Surface Fires
  |  First Published: February 2009

The estuaries have been on fire along the coast. Bream, estuary perch and flathead in particular are all worth pursuing.

I have been spending the bulk of my efforts surface fishing my homemade popper-headed plastics over weed beds, shallow rocks and fallen timber. Surface popping has been yielding 10-15 bream a session and most days the fish have proven to be quite aggressive.

The fish dwelling in the timber result in explosive strikes occurring nearly every cast that lands with pinpoint accuracy. Unlike fish found on the flats or around rocks, casts need to be perfect to fool the bream. Flat casting hard under hanging branches and skipping your offering like a stone so it looks like a fleeing prawn is the go. The bream will go berserk shouldering each other out of the way to smack your lure.

Store bought poppers are great too but they aren’t cheap. There is an amazing array to choose from these days but stick to ones that actually float for best results. I took my boss for a spot of creek breaming the other day and he lost a $20 cicada lure to a kilo fish that busted him off boat-side. He then managed to put another expensive popper into the trees above our heads that was unsalvageable the next cast! Seeing as he was $35 down in two casts he kept three bream as a consolation and that night’s dinner.

Over the weeds, estuary perch averaging 35cm have been smacking surface lures with the odd whiting also on the rampage. Cloudy days and getting on the water early or late has been the key to scoring on perch. We have had some good action on rainy days too with perch mixing it with bream in the same fallen timber. Some fishers think bream and perch don’t inhabit the same snags but this definitely not true.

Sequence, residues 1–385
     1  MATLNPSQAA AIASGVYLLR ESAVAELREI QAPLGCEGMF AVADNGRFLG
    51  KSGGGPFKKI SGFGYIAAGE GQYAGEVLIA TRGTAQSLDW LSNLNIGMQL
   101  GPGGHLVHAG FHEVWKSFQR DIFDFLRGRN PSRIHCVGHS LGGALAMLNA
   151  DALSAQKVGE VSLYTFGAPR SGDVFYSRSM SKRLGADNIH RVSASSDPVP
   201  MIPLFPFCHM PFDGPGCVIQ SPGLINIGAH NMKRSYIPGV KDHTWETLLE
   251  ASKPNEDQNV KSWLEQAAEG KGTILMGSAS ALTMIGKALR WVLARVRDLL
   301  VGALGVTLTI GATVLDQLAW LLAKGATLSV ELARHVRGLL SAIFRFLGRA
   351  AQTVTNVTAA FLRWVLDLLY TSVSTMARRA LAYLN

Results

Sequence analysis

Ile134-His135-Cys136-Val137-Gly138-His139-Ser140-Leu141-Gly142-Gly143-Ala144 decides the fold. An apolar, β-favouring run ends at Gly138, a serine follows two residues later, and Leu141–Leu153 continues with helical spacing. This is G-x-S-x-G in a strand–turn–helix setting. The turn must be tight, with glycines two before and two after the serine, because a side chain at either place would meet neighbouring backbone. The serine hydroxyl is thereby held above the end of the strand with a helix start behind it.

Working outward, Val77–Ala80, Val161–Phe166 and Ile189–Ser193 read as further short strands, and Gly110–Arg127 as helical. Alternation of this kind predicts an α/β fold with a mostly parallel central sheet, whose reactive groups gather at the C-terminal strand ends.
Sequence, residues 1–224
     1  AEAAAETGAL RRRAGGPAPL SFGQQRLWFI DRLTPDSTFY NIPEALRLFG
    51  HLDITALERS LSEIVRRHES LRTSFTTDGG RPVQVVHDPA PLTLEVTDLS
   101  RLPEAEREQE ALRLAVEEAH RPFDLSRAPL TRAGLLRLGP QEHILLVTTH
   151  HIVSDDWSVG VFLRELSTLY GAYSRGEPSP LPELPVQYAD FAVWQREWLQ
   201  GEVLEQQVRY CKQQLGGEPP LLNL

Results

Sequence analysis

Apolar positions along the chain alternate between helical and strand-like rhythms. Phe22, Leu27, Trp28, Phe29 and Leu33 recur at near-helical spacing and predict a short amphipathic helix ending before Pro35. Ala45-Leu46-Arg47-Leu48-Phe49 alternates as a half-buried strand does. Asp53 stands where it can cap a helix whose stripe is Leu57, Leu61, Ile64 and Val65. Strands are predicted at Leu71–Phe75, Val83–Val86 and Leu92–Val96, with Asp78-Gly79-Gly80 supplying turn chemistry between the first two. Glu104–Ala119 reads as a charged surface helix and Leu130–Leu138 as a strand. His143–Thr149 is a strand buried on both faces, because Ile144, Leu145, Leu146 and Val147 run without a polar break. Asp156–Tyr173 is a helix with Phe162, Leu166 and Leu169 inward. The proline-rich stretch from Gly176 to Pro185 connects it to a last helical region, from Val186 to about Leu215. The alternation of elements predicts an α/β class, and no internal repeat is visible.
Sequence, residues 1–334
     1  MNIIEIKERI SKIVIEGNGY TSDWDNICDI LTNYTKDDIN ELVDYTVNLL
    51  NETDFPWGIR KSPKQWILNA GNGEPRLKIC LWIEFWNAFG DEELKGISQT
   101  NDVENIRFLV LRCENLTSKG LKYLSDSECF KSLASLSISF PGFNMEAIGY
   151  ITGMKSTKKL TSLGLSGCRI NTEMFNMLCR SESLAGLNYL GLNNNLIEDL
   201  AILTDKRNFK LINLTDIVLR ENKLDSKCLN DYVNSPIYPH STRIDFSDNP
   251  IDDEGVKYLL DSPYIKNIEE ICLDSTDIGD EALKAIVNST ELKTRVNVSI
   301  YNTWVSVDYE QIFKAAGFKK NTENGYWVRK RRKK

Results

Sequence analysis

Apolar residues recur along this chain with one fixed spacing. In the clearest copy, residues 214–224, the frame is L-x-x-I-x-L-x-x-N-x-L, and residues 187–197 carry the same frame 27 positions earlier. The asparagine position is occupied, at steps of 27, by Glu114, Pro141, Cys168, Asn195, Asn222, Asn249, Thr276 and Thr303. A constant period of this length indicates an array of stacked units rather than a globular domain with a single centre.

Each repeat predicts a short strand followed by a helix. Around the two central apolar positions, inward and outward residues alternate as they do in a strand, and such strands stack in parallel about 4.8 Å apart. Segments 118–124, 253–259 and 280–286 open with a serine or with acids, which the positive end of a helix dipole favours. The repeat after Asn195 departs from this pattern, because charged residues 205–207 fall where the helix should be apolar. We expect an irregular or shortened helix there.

Flathead have been plentiful in the deep stretches with solid fish averaging 70cm being commonplace. I have to confess I do not target flathead specifically; rather all my captures are jewfish by-catch so I am sure there is just as many fish in the more traditional shallower haunts if you are specifically chasing them.

All of the flathead finding the net in my boat have been really fat, well conditioned fish. Even though you are allowed by law to keep one fish over 70cm you really should let all those big girls go and stick to the smaller fish for the table. A few locals have been keeping 90cm fish on a regular basis, which is basically crapping in your own nest by removing such important breeding females.

Daytime jewfish on the other hand have been pretty scarce recently, but those using live baits are still catching some occasionally at night. To my disgust, however, I did pull the hooks on two solid jewies on a deep bend that I have never tried before way upstream from Nelligen, so maybe they are simply higher up than I have been fishing.

I still haven’t heard anything on the artificial reefs set to be installed in Lake Conjola, which is meant to be in place for 2009. This will be a real boon for the lake, which is basically a pretty boring featureless bottom. Conjola has staggering amounts of baitfish that ball up so thick on the sounder that it often confuses the unit into thinking 15m deep water suddenly becomes only 2m! Add these bait balls to some solid structure and I can see some great jewfish and monster tailor action occurring, I can’t wait.

Another big change is also occurring in the Moruya River, with the old quarry wharf being dismantled. The condemned wharf was taken down late December due to rot and should hopefully be already replaced with a new fishing-friendly platform.

The wharf is a very popular spot for the elderly, tourist and less serious anglers due to its easy access adjacent to the main road. Angler consultation will supposedly be factored into its construction so no doubt it will be an even more popular location to wet a line.

Over the years we have used the wharf as a spot to secure live yellowtail and kingfish, and also caught bream, tailor, flathead and salmon off it. I’ve also seen some nice school jewfish and my mate Nathan even scored a big John dory there.

In the ocean, kingfish will be going crazy this month and if the sightings of schools of big fish are anything to go by then we should be in for a cracker. The Moruya reefs have been seeing some legal rats taking live baits and lures but I am tipping the big boys will be around by the time you read this. Schools of slimies, bonito, frigate mackerel, pilchards, pike, whitebait and squid are all possible and they will all get the big kings fired up.

I have made some small additions and alterations to my boat so it is more suitable to chase kings this year. I still plan to do plenty of land-based sorties too but if the weather looks good I will be doing it offshore for a change.

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